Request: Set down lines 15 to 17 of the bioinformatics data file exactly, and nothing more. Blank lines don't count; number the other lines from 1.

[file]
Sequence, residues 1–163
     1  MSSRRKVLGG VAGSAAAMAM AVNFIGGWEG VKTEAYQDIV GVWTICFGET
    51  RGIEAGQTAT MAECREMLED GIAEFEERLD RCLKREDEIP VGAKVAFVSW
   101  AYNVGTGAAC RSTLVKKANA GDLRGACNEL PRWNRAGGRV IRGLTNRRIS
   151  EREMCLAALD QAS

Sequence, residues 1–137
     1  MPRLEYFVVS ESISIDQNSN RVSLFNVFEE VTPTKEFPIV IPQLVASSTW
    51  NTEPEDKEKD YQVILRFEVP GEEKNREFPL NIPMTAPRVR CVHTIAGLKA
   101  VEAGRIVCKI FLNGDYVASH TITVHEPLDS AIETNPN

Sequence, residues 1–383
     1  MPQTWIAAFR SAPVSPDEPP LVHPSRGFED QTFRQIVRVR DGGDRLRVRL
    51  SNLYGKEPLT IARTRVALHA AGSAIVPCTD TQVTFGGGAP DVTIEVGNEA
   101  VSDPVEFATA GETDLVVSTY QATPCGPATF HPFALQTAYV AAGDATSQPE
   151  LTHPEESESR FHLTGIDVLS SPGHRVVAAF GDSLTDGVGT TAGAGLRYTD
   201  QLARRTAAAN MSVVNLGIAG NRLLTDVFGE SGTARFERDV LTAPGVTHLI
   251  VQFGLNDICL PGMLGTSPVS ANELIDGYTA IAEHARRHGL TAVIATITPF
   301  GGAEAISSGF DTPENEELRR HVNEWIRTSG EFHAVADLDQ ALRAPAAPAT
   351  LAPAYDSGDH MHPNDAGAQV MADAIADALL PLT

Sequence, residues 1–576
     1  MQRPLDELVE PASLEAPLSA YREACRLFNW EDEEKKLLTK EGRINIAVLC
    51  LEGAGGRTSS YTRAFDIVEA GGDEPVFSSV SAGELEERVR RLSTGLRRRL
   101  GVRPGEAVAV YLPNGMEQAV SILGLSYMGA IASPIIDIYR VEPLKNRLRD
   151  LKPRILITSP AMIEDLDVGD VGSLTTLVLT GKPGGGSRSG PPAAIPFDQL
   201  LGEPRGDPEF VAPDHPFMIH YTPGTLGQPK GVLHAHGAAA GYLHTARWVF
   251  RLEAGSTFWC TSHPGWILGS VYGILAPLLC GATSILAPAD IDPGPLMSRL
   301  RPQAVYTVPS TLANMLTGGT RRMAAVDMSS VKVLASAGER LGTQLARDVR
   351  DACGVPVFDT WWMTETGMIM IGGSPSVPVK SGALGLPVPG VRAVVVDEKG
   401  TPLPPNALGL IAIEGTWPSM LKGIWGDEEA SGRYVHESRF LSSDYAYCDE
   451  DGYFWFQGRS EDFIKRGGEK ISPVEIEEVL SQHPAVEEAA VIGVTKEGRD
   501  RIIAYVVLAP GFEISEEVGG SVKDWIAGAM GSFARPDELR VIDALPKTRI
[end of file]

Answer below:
   201  QLARRTAAAN MSVVNLGIAG NRLLTDVFGE SGTARFERDV LTAPGVTHLI
   251  VQFGLNDICL PGMLGTSPVS ANELIDGYTA IAEHARRHGL TAVIATITPF
   301  GGAEAISSGF DTPENEELRR HVNEWIRTSG EFHAVADLDQ ALRAPAAPAT